America runs on statistics. It could even be said that Americans can’t
function without them.
Republican presidential candidate Mitt Romney presses the flesh during a campaign stop in Alabama. (AP)
This is most evident in media accounts of sporting contests – baseball and American football especially – where it’s possible to read an entire report and still have no idea what actually occurred.
There is no narrative, just impenetrable numbers.
But this is not always a bad thing. Statistics can often carve open an understanding of something where words just cloud an issue. Like, just who is voting for Presidential candidate Mitt Romney.
Funny you should ask…
From last week’s Super Tuesday results the “We Don’t Want Mitt Romney As Our Candidate” vote (that is the Santorum, Gingrich, and Paul chunk of votes) easily beats Romney.
This is significant as it could be convincingly argued that if Gingrich dropped out, Rick Santorum could beat Romney in a two-candidate preferred race to take on President Obama.
MSNBC talk show host Rachael Maddow has pointed to intriguing figures from Romney’s close Ohio victory last week. Republicans earning under $30,000 (yes, there are some) were split on their preference between Romney and Santorum. With voters earning under $100,000 per year, up to 11 per cent more favoured Santorum over Romney.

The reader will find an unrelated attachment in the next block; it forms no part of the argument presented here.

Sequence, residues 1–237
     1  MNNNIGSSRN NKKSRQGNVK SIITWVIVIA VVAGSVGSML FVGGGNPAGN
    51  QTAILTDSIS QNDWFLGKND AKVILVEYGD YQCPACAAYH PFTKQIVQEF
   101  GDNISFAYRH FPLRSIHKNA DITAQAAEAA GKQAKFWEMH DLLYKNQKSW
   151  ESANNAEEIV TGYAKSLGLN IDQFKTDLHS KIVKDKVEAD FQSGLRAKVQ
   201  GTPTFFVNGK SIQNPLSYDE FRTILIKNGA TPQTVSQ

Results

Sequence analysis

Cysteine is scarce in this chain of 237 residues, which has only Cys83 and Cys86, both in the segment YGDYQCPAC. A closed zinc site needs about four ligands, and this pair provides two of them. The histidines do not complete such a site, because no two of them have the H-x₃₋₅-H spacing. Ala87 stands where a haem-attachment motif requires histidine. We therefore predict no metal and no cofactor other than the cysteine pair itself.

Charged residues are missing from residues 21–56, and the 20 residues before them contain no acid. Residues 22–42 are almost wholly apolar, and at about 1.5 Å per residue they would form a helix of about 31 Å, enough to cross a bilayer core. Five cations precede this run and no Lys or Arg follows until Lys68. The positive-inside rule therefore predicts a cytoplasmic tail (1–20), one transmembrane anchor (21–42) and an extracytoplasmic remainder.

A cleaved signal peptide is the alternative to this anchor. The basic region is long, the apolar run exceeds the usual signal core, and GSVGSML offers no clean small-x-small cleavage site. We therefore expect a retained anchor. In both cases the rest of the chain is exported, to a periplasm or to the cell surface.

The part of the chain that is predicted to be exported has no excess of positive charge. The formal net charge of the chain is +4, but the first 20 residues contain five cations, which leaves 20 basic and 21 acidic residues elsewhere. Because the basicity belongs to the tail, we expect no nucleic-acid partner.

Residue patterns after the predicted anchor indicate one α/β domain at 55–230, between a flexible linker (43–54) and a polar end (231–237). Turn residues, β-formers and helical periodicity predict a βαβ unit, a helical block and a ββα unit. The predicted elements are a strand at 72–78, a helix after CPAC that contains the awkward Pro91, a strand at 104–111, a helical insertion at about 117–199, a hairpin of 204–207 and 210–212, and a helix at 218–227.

Where does Romney nudge over the line? The powerful 10 per cent of voters earning over $100,000 per year. The figures are mirrored in Michigan. Romney’s core votes come from the richest voters and his only winning group of votes compared to his rivals come from the richest voters.
You can watch Maddow’s analysis here.
A key to this puzzle is, in certain states, the number of higher-income Republican voters has grown significantly. Romney – and this should be no surprise – is inspiring rich people to get out and vote for him. With his Wall Street connections, history with Bain Capital, and a wife he boasts has two Cadillacs, Romney is the rich guy’s guy. He has been accused of being out of touch with the electorate but the truth is that he is very much in touch with his supporters. Those supporters that are very well off.
Here’s Romney’s problem: He is considered the “most electable” Republican candidate by many pundits but the unraveling truth is that he may face President Obama having not convinced a majority of his own party that he is the best man for the job. Rival Rick Santorum just won’t go away and will not go away.
“You have Governor Romney now saying, ‘Oh, this race is over, that mathematically it can't work'," Santorum said recently. “When we have our nominee going out there and trying to sell the American public to vote for him because of mathematics, we are in very, very, tough shape. This isn’t about math. This is about vision, it's about leadership.”
Which is one version of what these vote are about but to Santorum’s benefit, it’s also about statistics. To his detriment, and maybe Romney’s benefit, it’s also about rich people. In November, the question may be how many rich people are out there.